04/01/2008 12:00AM

Stutts, 70, heading to first Derby


HALLANDALE BEACH, Fla. - Trainer Bennie Stutts Jr.'s phone has been ringing off the hook since Smooth Air finished an easy second behind runaway winner Big Brown in Saturday's $1 million Florida Derby. And rightly so since the 70-year-old Stutts will be one of the more engaging stories when he arrives in Louisville later this month with his first Kentucky Derby starter.

"This is something brand new for me, getting all these calls and all this attention," Stutts said. "It's unbelievable to think that at this stage of my career that I'd be running a horse in the Kentucky Derby. I'm on such a high right now. I've never been treated like this in my life."

Stutts deserves all the accolades for the way he handled Smooth Air from the moment the son of Smooth Jazz won his maiden when launching his career last summer at Calder. Smooth Air, a homebred owned by Mt. Joy Stables, first gained national attention when he upset the Grade 2 Hutcheson Stakes earlier this winter. He then proved he could stay two turns when he finished a strong third behind Fierce Wind and Big Truck in the Sam F. Davis Stakes at Tampa Bay Downs on Feb. 16.

Stutts opted not to return to Tampa for the Tampa Bay Derby on March 15, deciding instead to wait for the richer and more prestigious Florida Derby two weeks later. He knew he would have to put one hard work into his horse to compensate for the six weeks between starts.

Smooth Air wowed the Gulfstream Park clockers by working seven furlongs in 1:23 and change March 16, galloping out in a manner that suggested he would have no problem handling the 1 1/8 miles of the Florida Derby.

"I had to put one good, stiff work into him, and he was actually blowing harder from that work than he was after the race Saturday," Stutts said. "But it accomplished what we needed to accomplish to have him at his best for the Florida Derby. He's not a big horse but he's all horse. Let's face it, they wouldn't have caught Big Brown if we went around again, he was like a freak of nature the way he ran, but I thought my rider [Manny Cruz] rode a smart race staying off the fast pace like he did. If he had stayed up with those leaders, I don't think he'd have finished. Smooth Air has become what he is because of the way he's learned to rate."

Stutts said Smooth Air will likely ship to Churchill Downs about a week before the Derby. He'll go into the barn of Dallas Stewart, who also trains horses for Mt. Joy Stables.

Hey Byrn to try turf

Trainer Eddie Plesa Jr. said Hey Byrn's next start could come in the derby. The Calder Derby that is. Hey Byrn finished a distant fourth in the Florida Derby.

"I couldn't find any excuse for his race on Saturday, which was disappointing to say the least," Plesa said. "Right now, I'm thinking about working him on the grass, and if he handles it bringing him back in the Calder Derby on April 26."

At least Plesa's day ended well Saturday, when Electrify turned in an electrifying performance winning the $75,000 Forever Whirl Stakes for Florida-breds. His final time of 1:47.85 for nine furlongs was actually .35 of a second faster than Big Brown posted winning the Florida Derby an hour earlier, earning Electrify a career-best 109 Beyer Speed Figure.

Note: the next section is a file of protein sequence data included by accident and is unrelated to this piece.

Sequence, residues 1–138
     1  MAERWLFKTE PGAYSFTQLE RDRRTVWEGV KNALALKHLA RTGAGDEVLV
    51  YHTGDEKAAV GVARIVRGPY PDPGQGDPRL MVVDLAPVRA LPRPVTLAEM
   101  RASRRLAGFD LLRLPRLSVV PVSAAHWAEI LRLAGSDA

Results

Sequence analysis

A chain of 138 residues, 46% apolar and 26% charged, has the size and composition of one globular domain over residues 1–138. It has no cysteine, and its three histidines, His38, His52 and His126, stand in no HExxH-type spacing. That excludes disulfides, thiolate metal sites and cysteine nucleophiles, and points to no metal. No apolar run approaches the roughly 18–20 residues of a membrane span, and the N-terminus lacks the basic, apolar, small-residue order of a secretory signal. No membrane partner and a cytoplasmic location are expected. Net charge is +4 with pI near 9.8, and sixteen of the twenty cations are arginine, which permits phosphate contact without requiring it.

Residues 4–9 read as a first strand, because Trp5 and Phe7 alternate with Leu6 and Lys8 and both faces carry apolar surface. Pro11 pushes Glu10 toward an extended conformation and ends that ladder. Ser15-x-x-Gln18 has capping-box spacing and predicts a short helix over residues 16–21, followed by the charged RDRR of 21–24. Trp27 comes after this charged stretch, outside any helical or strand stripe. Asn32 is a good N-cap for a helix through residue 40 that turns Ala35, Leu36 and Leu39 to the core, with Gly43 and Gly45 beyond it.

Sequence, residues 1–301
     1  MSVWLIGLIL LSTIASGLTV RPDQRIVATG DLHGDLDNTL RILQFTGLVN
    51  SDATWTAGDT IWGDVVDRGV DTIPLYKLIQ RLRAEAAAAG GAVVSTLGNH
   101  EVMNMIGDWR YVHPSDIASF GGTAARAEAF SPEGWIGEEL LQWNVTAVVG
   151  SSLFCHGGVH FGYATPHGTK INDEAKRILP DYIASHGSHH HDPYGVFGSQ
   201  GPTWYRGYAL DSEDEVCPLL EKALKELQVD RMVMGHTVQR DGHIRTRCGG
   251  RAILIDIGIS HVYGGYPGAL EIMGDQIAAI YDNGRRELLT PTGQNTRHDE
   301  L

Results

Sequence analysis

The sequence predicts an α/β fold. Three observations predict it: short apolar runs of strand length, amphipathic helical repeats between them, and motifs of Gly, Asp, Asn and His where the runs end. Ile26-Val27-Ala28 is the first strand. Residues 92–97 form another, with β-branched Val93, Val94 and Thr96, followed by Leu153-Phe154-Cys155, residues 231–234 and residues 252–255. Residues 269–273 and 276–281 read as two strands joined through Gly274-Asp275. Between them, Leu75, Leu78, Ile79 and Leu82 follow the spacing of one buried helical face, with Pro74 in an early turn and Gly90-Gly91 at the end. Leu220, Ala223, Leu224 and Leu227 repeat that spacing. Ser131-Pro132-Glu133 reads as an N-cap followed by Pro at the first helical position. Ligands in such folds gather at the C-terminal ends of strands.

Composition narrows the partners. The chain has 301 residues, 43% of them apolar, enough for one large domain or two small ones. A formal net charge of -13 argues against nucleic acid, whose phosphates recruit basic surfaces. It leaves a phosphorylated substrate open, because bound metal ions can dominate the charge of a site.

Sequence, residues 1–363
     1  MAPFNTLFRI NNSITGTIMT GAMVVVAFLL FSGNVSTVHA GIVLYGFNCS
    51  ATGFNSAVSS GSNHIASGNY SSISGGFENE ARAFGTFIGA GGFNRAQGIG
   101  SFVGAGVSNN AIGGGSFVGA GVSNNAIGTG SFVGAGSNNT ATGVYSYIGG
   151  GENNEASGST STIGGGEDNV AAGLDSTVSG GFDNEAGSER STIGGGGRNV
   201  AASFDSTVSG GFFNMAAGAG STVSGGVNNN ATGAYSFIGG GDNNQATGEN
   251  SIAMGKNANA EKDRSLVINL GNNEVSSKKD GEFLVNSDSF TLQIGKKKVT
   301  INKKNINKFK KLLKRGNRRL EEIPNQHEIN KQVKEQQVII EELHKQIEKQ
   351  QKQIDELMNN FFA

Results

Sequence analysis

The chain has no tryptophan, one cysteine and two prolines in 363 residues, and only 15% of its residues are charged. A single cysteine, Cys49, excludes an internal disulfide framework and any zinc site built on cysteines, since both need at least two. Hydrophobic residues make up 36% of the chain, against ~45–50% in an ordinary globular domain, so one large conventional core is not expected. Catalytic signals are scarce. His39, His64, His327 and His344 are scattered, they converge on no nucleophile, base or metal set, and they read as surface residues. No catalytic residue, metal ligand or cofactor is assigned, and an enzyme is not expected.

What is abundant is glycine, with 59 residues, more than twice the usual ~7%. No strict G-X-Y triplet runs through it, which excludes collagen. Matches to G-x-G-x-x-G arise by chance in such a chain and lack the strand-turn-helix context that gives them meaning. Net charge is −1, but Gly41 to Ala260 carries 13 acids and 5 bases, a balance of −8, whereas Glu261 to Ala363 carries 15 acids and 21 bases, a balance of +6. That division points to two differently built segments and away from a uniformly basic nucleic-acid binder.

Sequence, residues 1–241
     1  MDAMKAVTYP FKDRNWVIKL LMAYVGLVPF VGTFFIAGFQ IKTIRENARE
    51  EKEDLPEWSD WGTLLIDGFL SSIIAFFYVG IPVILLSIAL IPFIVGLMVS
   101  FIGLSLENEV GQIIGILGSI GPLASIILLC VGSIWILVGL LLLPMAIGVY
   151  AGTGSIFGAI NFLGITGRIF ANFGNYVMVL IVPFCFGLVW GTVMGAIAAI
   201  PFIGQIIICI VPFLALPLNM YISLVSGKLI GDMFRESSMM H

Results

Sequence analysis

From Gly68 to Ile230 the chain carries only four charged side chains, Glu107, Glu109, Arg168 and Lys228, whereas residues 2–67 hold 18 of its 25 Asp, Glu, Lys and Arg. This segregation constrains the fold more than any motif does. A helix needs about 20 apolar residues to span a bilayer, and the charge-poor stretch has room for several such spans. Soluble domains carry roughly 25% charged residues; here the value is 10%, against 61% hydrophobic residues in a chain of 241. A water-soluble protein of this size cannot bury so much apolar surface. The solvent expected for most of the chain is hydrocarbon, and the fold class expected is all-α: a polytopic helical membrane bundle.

"If only he was a 3-year-old," Plesa quipped.

Electrify's victory also took a little of the sting out of Face the Cat's disheartening effort in the Florida Derby. Both are owned by Satish Sanan's Padua Stable. Sanan purchased an interest in Face the Cat after the 3-year-old son of Tale of the Cat won his first two starts here earlier this winter. Face the Cat, trained by Todd Pletcher, was never a factor while finishing eighth in the Florida Derby.

McCauley to ride in south Florida

Herb McCauley, who returned to the saddle following a long absence last fall in New Jersey, has switched his tack to south Florida and will will ride for the first time this meet on Thursday. He will be aboard Awesome Alexandra for trainer Marty Wolfson in the featured eighth race.

"I was riding in New York early this winter, but then they took a break around Christmas and my weight ballooned up," McCauley said. "So I took the rest of the winter off to get it back on track and I feel real good right now. I decided this would be a good place to start up again because the weather is suitable and the meet is closing out. A lot of the bigger-named riders are leaving, but there are still a lot of trainers staying behind that I've ridden for in the past."

Among them is the Calder-based Wolfson, for whom McCauley has had considerable success over the years.

"He won a lot of big races for me on The Vid, and he also won the Orchid for me here at Gulfstream with Golden Pond," Wolfson said.

McCauley has turned his riding engagements over to veteran agent Dick Diego.

Velazquez, Coa ship out

Jockey John Velazquez ended his 2008 Gulfstream campaign in high style, winning Sunday's Orchid Handicap aboard Hostess with his last mount at the meet. But it wasn't enough to give the two-time Gulfstream riding champion the 2008 title. That honor figures to go to Eibar Coa, who posted riding doubles both Sunday and Monday to leave town with a 75-72 lead over Velazquez in quest of his second Gulfstream championship.

Although the meet does not end until April 20, none of the other riders who are remaining until the end of the session are close enough to overtake either Coa or Velazquez.